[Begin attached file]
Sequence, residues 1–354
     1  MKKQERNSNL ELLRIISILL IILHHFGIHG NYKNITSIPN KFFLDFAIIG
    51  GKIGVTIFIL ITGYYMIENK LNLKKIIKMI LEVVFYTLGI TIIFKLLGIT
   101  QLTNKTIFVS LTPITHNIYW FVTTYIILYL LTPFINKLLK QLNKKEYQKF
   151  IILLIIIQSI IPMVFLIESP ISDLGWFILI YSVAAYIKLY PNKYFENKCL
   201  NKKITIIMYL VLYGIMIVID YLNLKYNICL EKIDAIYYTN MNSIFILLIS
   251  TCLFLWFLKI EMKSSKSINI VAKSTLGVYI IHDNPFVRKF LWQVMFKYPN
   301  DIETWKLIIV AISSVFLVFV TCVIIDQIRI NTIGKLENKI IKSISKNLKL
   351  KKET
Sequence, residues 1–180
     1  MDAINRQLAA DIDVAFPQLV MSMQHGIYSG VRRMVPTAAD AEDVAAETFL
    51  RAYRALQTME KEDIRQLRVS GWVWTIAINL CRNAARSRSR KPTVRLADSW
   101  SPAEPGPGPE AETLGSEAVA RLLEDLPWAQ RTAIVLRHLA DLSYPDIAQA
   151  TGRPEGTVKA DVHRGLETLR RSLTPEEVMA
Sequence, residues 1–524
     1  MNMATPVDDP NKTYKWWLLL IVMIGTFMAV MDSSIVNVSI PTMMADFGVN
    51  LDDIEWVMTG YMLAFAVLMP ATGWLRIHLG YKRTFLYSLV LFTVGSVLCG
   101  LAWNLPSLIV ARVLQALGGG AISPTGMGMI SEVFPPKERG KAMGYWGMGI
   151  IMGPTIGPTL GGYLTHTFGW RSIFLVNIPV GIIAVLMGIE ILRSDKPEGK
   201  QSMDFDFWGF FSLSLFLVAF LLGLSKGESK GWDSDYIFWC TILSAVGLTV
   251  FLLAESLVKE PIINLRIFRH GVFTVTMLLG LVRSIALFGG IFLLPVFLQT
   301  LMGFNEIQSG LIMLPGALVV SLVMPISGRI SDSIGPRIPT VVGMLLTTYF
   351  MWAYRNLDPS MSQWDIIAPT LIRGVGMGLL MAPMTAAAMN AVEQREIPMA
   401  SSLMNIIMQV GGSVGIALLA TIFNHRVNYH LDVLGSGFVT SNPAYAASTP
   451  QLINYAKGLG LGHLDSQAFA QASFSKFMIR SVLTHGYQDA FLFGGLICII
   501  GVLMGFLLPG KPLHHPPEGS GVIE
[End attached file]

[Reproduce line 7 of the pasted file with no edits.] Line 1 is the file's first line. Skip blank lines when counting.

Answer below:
   251  TCLFLWFLKI EMKSSKSINI VAKSTLGVYI IHDNPFVRKF LWQVMFKYPN